As somebody with a military background, you are uniquely positioned to help civilian businesses. The training you received, as well as your military experience, make you well suited for a wide variety of jobs for veterans. However, unlike in the military, not everyone in private business has a single focus and shared
Any given workplace will probably have people who seek to create drama or try to push others around. Thankfully, you can use the skills you acquired during your service to make your place of work better for everyone there. If you are worried about interpersonal conflicts or bullying at work, it may be time to step up and handle the problem.
You know how to spot a bully a mile away. Despite the commonality of training, many groups in the military have to deal with one or two aggressive or abrasive people. If you know what to look for, you can spot problematic co-workers as soon as you meet them.
Keep an eye on these individuals, as well as how they interact with others. You may need to watch out for younger, older, or minority workers. These people may be less likely to stand up for themselves when dealing with a workplace bully or drama instigator.
While a hostile interpersonal situation may sometimes require management or human resources, many times you can address it directly. For example, if someone on your team is bullying or haranguing someone else, you can politely and calmly call out the aggressor. Alternatively, you could speak with the person on the receiving end and provides support and encouragement to stand up for themselves.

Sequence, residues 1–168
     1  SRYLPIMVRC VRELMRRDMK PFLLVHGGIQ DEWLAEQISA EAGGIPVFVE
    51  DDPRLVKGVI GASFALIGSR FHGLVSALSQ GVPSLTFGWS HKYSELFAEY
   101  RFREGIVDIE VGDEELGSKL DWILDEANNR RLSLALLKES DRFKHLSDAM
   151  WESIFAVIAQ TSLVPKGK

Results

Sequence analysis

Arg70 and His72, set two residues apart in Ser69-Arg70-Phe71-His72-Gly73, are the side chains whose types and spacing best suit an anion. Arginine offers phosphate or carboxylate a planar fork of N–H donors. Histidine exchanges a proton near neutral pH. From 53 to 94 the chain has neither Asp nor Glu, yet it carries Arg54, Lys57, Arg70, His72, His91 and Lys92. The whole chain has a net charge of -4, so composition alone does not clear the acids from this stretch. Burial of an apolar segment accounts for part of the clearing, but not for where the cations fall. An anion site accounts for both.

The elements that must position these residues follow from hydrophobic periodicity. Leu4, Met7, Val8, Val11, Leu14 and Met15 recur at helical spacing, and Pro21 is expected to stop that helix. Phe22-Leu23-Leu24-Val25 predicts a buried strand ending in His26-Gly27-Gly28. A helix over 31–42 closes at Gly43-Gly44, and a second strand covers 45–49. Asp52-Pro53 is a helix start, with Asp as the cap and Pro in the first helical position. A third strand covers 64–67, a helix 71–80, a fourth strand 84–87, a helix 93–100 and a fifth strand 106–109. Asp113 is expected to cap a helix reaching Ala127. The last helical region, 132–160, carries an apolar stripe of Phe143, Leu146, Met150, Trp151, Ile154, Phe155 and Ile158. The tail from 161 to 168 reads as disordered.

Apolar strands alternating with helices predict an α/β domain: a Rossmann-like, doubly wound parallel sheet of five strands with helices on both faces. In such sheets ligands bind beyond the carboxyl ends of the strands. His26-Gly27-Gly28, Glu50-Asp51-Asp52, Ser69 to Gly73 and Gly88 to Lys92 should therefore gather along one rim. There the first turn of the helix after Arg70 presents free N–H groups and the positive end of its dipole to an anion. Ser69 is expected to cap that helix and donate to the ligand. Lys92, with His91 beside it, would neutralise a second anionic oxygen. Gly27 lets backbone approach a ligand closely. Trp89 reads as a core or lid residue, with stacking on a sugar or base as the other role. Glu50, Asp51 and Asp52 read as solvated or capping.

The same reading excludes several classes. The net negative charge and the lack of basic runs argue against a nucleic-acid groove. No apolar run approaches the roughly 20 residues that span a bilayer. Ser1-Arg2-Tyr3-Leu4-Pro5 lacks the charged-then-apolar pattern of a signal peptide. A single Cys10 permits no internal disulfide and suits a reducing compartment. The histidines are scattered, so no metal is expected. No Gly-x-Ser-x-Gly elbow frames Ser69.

It may even be possible for you to sit down with both of them in a neutral location, like the lunchroom or even away from work. Your background gives you insight into human nature and can create a sense of respect among your co-workers. Use those to your benefit and seek to facilitate peaceful conversations that address abusive workplace relationships.
Depending on your background, overt aggression and hostility could be triggering for you. In a situation where one co-worker is abusing someone else, you may need to step in and push for de-escalation. Separating the two parties or trying to calm them both down can help.
However, if one or both parties refuse to listen, you may need to involve management. If you are part of the management team, calling in someone from human resources to facilitate and calm down a hostile situation is also a good idea. While you want to use your skills and abilities to benefit everyone you work with, you should never place yourself in a situation that could be damaging or triggering to your mental health.
Interpersonal conflict will happen anywhere. As a former member of the military, you have special experience and knowledge about resolving conflict and addressing it. Using that training and experience can help you develop a brilliant career and keep your workplace healthy for everyone.
For more information about jobs for veterans and a regular listing of positions available, please visit our job board regularly. Follow our blog and social media profiles for helpful tips and advice on finding employment.
By Lucy Wyndham